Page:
In a key scene, Jo Shishido is holding up a mob boss, and out of fear, the older man tells him, “Whatever they are paying you, I’ll pay double”, to which Shishido responds, “Why do all you big shots say the same stupid lines?” This is just one of the film’s several funny moments which tells you that you are not supposed to take any of the Yakuza gangsters in it seriously.
It’s as if all these men grew up watching the same gangster movies when they were kids and decided that they want to be like the men in those films. These guys are all idiots, except for Shishido’s character, although he occasionally indulges in some mild stupidity.
The plot is not too different from Akira Kurosawa’s Yojimbo, which came out three years earlier. The difference is in the setting – 1960s Japan – along with some minor changes here and there in the sub-plots and character arcs. While Yojimbo had some really dark moments, Suzuki’s film is relatively less serious.
Shishido plays an ex-cop who joins a gang to avenge the death of a friend and later pits this gang against their rivals. He doesn’t have the towering macho personality of Clint Eastwood’s The Man with No Name but what he lacks in looks and appearance, he makes up for in derring-do.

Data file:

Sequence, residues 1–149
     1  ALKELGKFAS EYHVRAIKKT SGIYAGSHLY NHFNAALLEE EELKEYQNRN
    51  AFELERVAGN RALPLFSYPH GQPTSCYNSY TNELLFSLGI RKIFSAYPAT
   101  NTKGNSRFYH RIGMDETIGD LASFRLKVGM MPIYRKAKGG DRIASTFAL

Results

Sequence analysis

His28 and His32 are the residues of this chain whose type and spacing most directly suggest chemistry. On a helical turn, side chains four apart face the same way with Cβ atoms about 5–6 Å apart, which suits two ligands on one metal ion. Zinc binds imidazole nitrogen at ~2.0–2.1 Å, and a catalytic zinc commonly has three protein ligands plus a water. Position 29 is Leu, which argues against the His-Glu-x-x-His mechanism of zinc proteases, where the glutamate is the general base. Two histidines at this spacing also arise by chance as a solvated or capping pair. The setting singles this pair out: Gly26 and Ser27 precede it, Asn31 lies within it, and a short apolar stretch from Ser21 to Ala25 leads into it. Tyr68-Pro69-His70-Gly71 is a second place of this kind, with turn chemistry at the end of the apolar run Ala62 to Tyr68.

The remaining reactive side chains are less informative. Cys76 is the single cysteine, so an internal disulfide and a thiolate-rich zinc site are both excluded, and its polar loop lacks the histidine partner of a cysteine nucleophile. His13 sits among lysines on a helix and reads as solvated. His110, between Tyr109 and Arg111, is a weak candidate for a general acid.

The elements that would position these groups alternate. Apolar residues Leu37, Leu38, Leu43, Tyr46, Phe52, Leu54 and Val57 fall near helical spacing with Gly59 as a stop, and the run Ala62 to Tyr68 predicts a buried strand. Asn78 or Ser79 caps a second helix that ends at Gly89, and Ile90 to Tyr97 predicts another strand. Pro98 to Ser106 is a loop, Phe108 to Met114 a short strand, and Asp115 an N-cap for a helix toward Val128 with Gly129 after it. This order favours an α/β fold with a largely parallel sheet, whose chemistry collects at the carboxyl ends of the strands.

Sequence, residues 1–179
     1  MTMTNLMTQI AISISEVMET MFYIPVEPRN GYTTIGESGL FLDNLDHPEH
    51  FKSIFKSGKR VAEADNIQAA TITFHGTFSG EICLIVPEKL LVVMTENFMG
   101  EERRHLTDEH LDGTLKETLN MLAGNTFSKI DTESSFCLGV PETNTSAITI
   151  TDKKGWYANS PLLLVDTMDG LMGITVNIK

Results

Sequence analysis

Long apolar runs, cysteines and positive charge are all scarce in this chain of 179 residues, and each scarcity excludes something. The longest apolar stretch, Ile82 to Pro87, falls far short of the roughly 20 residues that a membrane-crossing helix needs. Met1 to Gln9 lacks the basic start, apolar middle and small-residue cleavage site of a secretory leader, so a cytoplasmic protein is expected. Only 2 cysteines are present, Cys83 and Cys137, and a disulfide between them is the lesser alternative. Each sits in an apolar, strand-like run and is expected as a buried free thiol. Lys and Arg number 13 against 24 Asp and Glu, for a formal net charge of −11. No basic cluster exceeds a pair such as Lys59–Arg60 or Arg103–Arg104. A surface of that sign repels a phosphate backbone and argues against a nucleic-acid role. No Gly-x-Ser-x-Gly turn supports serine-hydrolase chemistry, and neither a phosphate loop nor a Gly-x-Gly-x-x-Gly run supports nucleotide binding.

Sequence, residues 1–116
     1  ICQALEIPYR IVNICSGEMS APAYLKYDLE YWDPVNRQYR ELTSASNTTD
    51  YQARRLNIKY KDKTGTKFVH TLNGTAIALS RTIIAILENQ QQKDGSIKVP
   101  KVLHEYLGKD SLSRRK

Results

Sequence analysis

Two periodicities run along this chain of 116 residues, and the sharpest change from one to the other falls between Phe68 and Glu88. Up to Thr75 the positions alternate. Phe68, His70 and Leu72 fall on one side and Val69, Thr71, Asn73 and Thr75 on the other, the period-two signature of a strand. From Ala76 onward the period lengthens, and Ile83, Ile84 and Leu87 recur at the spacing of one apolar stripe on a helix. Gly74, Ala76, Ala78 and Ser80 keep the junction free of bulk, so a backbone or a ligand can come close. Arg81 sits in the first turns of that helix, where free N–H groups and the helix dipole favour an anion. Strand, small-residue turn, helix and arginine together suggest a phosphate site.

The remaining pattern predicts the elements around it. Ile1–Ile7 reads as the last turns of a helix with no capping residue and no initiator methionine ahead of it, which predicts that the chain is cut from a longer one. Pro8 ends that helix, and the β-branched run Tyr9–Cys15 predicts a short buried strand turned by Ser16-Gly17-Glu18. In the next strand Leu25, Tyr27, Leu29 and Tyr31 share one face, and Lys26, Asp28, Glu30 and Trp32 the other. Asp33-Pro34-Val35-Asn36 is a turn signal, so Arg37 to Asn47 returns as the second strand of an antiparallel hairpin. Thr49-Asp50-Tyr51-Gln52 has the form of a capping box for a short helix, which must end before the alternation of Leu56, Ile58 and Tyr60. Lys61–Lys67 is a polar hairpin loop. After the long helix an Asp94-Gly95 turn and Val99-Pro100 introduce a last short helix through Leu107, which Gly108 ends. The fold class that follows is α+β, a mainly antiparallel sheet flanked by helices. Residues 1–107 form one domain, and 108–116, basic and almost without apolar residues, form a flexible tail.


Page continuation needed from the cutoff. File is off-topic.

The characters are all trademark Suzuki: an oddball protagonist; a mob boss walking around with a fluffy white cat as if he is Blofeld; his gay brother who is ready to slash the face of anyone who calls his mother a whore; the women are all weaklings, whom the men use and manipulate for their own nefarious purposes.
In my opinion, Youth of the Beast is Suzuki’s most accessible film as it is more coherent and less experimental than his Branded to Kill or Tokyo Drifter, which are still cool films in their own right. Much of the film’s chaos has the manic energy of a Road Runner cartoon, with fist fights, car chases and explosions that are as thrilling as they are funny.